Paperback: 228 pages
Publisher: Seed Savers Exchange; 2 edition (March 1, 2002)
Product Dimensions: 8.5 x 0.5 x 11 inches
Shipping Weight: 1.2 pounds (View shipping rates and policies)
Average Customer Review: 4.6 out of 5 stars See all reviews (261 customer reviews)
Best Sellers Rank: #7,674 in Books (See Top 100 in Books) #4 in Books > Crafts, Hobbies & Home > Gardening & Landscape Design > Vegetables
This book is very practical and easy to understand. It's more encyclopedic in style rather than conversational, so if you aren't sure that you'll be saving seeds from your garden this year, you'll probably find it kind of boring. If you are slightly interested but unconvinced, I would recommend Carol Deppe's "How to Breed Your Own Vegetable Varieties" instead. Her enthusiasm for the subject carries over into her writing style, and she includes lots of entertaining anecdotes and information that will be useful even if you don't decide to save seeds.But if you know you want to start saving seeds, or enjoy saving seeds and want to get better, this book will be indespensable.The book is mostly about vegetables, with a few grains and herbs also described. For each type of garden plant, several topics are covered:--A general description (where it originated, how it is used in different cultures, etc.)--Botanical classification--Pollination (such as wind vs. insects), crossing and isolation--Seed production and harvesting--Seed statistics (% germination, how many seeds in an ounce, how many varieties offered in major catalouge)--How to grow the plant from seed--Regional growing recommendations for 5 very generalized regions (Mid-Atlantic, Southeast/Gulf Coast, Upper Midwest, Southwest, Central West Coast, Maritime Northwest) These are very brief, but useful.I wish I would have gotten the book sooner, because I don't have too much gardening experience and I would like to have a big garden (well, as big as my yard will allow...) The regional recommendations often include when you should plant a vegetable indoors and when to transplant or direct seed outdoors. It would have been nice to do the last few week's seed starting with a little less guesswork.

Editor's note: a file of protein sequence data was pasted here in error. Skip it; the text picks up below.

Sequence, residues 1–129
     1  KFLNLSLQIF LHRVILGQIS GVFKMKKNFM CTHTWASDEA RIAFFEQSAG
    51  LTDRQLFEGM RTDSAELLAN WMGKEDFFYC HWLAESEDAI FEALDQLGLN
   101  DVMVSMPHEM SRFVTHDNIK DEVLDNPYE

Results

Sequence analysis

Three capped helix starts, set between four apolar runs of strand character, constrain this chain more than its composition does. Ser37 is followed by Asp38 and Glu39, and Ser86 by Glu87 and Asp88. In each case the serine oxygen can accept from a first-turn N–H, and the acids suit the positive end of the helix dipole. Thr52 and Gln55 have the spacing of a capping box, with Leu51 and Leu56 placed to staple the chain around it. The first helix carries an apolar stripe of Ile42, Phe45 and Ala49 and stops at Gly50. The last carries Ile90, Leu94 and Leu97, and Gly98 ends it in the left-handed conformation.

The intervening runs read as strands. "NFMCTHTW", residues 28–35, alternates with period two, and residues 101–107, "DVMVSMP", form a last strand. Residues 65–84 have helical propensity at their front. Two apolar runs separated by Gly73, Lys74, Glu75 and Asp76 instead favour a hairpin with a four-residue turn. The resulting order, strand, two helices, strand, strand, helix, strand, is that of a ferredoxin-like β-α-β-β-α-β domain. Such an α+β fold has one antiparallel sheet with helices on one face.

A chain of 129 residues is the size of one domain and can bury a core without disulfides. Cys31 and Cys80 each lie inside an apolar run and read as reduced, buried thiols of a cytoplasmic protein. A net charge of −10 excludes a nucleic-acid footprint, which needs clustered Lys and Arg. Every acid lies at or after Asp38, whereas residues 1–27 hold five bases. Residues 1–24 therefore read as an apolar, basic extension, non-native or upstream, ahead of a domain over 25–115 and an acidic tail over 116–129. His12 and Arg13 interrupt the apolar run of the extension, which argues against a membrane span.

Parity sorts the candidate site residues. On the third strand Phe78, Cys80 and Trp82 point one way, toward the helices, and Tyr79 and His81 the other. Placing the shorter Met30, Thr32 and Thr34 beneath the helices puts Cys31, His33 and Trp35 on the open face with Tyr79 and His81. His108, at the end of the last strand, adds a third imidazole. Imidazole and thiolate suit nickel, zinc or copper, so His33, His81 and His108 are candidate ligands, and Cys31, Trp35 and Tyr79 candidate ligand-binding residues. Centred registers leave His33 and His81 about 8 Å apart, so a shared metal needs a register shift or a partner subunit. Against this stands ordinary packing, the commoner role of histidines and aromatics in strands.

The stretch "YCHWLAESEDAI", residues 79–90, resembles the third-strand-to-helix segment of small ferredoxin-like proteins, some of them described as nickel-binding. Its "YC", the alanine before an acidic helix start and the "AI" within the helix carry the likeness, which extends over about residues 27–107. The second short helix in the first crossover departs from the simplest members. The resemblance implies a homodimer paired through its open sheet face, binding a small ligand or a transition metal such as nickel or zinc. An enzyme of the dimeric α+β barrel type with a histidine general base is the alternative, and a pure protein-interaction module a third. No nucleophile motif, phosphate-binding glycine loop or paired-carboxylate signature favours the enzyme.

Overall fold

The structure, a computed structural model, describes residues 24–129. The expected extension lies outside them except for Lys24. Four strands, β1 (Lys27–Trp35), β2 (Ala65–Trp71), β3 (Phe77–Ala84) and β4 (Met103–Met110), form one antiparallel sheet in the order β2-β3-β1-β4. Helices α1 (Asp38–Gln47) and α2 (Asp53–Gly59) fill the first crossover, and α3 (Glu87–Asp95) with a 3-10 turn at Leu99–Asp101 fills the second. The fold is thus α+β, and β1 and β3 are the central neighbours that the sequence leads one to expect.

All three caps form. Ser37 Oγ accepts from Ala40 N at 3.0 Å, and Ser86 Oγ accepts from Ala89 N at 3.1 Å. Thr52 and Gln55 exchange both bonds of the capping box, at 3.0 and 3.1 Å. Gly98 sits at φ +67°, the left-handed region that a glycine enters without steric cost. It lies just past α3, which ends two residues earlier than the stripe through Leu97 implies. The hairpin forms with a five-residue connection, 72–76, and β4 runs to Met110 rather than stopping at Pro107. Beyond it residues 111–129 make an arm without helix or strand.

This is the complete and definitive seeds saving guide for 160 non-hybrid vegetable crops, with detailed information about each vegetable. It is technical but clearly written so that the reader can understand the intricacies of maintaining varietal purity and proper seed harvesting, drying, cleaning and storing of seeds. Botanical classification, flower structure, pollination method, isolation distances, caging, and hand pollination techniques are included. If you're looking for information on saving ground cherry seeds, you'll find it here. Sources for supplies and seed saving organizations are listed in the back.This is the definitive source on seed saving and is invaluable to growers interested in conserving unique vegetable varieties. This book should sit on your shelf next to a copy of Carol Deppe's "Breed Your Own Vegetable Varieties" because saving seed is the basic method of plant breeding. When you save the seed of your biggest tomatoes rather than your smaller ones, you are practicing plant breeding by selecting what genetic material to perpetuate. The seeds from your big tomato will produce plants that also will produce big tomatoes.
I don't know if there's a better book on the subject of seed saving, but I've found this book frustratingly incomplete. There's certainly a lot of information, but it seems like a lot of really important basics were left out. I would say for a majority of the plants I would like to save seed from this year I can't figure out from the book whether the plants will cross with other things I'm growing or how far to isolate them if they would. I'm trying to figure out right now, for instance, if tabasco peppers (Capsicum frutescens) will cross with bell peppers and other Capsicum annum. The book has about a half a page of information on C. frutescens, which I think is a lot for such a minor species, but it still fails to give me that most basic information. I'd also like to know how many plants of each type I should grow to maintain adequate genetic diversity. The author mentions the importance of this, and there are a couple plants where numbers are given, but in most cases the reader is left without any numbers. I wish all this kind of information were covered more systematically, maybe with a simple chart or short paragraph at the beginning of each of the 20 plant families covered in the book.
It's wonderfully complete for seed saving. I've saved my own carrot seeds now! And the squash from last years saved seeds looks just like it should. This book covers all the techniques, issues and risks although I think it's very much geared towards multi-generation saving of entirely pure seed - you don't need to be quite so careful on the isolation if you just want to grow one generation of kale for your own use (mine came out okay in spite of only minor control of nearby brassicas), and saving seed with only two chard plants, not enough genetic diversity to preserve a variety for long, can by themselves produce enough seed so you'll eat chard every day for 5 years.It's also a great reference for unusual vegetables, it's amazingly complete; you can find out about 4-sided bean or other tropical type vegetables. And it sorts out the different squash and pepper species very well.The gardening information in each section hasn't impressed me much as useful or accurate; but we are in-between the zones they provide.
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